Uranus and ManagementDexter: Time to get some suits involved in this rock’n’roll.
|London Free Press courtesy Jack Whiteside|
Frank: And I thought, ya, that’s what you’re supposed to do, get a manager. So I got this tape, and there was this guy from CFPL (London radio station) that was sort of a fan of ours, and he sent it to these managers (Trilogy records) in Toronto. So they came down, one of the managers came down and saw us when we were playing at
Forest. And so he came in and talked to us and said ‘is
there a Jack Hwiteside here, he pronounced it with the H’. That was the first
time I ever saw this guy, Ross Munro, and he was one of those guys with the big
disco curly hair you know. They didn’t know what to make of us, they had big
hair bands, that’s all they had. They didn’t know anything about rock’n’roll.
These guys were kinda greasy business guys, slimy guys. This one guy, there was
2 of them, Ross Munro and…
Jack: And Steve Thomson. Well these guys from
I don’t know how they heard about us. But we were playing around and people
would go crazy for us when we were playing.
F: (The one guy) He was so slimy, he had to go to the doctor because he was shaking hands too much. And the doctor told him to lay off shaking hands…laughter…He was one of these guys that goes around shaking hands all the time. They said ‘it was kind of interesting, the things you guys did here’. So we asked them if they liked the reggae version of ‘All Along The Watchtower’ and they didn’t even know what reggae is. They said ‘what’s reggae?’ And I said ‘music from
it’s got a beat on one and the 3’.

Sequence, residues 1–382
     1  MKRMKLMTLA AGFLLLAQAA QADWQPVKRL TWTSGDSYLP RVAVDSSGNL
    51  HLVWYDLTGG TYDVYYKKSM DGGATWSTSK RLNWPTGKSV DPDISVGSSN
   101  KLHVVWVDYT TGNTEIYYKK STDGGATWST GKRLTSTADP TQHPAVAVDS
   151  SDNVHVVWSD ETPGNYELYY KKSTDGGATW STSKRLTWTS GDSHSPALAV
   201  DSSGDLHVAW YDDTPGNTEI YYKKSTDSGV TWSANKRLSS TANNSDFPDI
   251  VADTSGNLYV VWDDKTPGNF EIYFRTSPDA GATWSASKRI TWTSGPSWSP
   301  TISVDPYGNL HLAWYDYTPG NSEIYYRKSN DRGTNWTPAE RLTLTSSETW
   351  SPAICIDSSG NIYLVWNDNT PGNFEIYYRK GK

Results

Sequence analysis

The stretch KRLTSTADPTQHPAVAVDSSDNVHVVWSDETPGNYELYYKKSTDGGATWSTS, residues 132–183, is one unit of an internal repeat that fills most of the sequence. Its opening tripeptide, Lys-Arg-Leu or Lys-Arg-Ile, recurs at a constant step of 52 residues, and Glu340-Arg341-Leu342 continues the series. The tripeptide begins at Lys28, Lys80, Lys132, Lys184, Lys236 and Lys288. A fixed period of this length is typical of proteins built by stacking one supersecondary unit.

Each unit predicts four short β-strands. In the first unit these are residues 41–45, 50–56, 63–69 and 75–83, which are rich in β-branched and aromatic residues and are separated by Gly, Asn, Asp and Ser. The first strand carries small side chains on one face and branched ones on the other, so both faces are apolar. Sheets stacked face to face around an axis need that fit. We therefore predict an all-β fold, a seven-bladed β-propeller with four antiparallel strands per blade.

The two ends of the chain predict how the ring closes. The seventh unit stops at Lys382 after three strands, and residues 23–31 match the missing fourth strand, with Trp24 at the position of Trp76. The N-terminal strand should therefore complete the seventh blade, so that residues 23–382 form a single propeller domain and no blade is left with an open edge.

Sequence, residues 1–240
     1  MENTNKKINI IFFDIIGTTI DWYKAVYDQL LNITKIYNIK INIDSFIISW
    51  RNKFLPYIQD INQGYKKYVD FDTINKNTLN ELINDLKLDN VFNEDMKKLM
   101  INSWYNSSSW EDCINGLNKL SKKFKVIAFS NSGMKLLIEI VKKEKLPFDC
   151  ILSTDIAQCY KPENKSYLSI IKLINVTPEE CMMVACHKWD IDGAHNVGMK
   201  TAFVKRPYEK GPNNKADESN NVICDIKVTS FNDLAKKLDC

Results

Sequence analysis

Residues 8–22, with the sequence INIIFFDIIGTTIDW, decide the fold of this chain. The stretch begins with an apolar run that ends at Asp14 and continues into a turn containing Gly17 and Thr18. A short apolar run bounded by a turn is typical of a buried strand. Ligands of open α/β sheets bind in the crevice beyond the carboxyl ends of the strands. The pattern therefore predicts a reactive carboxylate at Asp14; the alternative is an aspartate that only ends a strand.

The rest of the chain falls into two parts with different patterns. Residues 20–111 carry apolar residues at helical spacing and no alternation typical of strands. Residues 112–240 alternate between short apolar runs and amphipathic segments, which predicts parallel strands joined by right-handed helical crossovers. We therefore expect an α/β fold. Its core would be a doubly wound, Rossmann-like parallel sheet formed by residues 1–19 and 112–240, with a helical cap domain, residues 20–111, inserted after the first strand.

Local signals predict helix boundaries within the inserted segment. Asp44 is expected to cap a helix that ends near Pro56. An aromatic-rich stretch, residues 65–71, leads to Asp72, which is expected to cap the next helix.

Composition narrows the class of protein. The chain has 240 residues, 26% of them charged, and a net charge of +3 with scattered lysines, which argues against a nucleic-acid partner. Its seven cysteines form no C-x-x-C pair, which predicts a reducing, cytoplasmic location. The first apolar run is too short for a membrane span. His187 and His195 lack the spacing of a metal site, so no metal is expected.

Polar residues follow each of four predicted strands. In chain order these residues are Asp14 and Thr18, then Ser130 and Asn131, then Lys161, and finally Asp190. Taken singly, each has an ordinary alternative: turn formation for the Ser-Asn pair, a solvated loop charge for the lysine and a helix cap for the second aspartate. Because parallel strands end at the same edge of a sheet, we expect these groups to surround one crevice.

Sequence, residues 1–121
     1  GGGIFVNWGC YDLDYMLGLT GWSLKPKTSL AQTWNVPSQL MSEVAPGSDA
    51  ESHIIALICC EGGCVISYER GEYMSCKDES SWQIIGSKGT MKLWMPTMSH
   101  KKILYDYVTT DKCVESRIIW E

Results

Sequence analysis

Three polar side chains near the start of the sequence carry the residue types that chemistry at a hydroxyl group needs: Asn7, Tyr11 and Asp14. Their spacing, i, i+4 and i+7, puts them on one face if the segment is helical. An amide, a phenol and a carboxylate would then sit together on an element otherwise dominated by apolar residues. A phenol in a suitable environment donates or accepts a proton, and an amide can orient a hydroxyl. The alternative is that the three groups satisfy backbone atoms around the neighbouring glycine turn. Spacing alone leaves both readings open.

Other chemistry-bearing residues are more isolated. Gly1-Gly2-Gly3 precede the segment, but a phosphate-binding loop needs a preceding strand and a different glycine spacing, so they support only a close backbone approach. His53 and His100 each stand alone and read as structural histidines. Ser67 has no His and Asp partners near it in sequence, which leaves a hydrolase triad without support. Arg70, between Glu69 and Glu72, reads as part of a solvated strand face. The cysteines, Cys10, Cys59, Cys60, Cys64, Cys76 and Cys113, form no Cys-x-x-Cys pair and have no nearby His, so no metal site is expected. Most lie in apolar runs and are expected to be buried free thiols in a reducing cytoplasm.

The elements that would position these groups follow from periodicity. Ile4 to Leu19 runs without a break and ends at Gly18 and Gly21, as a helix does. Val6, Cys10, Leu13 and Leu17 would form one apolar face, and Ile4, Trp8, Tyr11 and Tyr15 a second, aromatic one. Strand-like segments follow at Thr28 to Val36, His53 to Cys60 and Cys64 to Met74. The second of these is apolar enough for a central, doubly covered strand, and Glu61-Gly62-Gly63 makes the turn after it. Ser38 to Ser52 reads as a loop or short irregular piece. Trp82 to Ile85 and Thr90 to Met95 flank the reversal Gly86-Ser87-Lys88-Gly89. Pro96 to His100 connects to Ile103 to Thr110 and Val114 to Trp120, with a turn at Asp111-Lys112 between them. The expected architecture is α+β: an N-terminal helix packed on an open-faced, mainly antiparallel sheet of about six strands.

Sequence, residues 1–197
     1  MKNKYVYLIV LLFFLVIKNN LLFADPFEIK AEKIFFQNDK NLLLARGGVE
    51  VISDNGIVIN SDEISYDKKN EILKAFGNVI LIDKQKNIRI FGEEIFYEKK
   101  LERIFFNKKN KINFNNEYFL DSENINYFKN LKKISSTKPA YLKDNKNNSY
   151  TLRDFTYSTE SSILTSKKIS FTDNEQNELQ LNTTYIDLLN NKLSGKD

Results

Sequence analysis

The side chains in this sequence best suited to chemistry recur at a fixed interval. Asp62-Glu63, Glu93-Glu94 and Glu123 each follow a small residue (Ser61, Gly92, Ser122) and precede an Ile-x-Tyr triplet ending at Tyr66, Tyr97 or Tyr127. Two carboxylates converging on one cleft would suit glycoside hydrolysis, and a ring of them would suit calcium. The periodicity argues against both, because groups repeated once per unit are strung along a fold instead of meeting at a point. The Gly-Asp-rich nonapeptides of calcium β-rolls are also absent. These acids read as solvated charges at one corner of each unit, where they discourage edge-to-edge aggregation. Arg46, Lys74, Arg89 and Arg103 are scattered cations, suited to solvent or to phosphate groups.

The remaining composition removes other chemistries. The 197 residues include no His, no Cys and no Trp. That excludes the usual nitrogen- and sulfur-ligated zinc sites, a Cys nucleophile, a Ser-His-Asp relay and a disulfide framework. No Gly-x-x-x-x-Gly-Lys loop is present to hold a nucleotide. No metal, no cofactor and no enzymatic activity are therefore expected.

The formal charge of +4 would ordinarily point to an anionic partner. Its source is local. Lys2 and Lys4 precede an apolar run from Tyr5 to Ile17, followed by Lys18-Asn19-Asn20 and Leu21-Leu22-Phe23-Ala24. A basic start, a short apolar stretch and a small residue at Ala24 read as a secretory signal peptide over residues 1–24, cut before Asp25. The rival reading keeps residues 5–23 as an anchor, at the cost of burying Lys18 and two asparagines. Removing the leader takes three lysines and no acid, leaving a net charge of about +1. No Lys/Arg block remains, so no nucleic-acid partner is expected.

But they said ‘we like the sound of it’. So what we were concerned about, was working. And they sort of cornered us, they said ‘would you like to be a part of our stable?’ Laughter…They had all of these bands that were part of their stable.
WW: Any idea of who any of the other bands were?
J: Hairbands, like cover bands. They had nothing to speak of, they were just bluffing most of the time.
|Photo courtesy Jack Whiteside|
F: Ya, what we said was ’if you guys can keep us working all the time, that’s fine. Take the tape and see if you can get us good jobs’. So they had a manager’s fee and an agents fee, they did both. And they also said, ‘we’ll put out a record for you too, what we’ll do is pay for all of the studio time and everything’. So we signed for this and they did their manager bit, as it was a barrier to us because you couldn’t go down to CKSL with your record. So the only way you could do it, was to get some greasy manager from
Toronto to do it. And they wore those satin
jackets, you know. So Ross Munro was sort of the liason between us and the
other guy, the other guy didn’t know jack shit about music at all.
WW: Let’s talk about recording in Toronto at Phase One Studio.
J: They came out to a gig and they saw us and they saw how everybody reacted and they said ‘Boys, you want to make an album?’ kinda like that, with the 10 gallon hat, and we said OK. And I said, give us a months notice and 2 weeks in the studio. What we got was 2 weeks notice and 3 days in the studio. What they wanted to do, was just capture our live sound, which they kinda did because most of it was one take, live off the floor, minimal overdubs but it’s under produced. They minimized it too much in my opinion. You know what I’m talking about? Like heavier, it came off too little.
F: We did the whole album there, and they chose ‘You’re So Square’ as the single to push.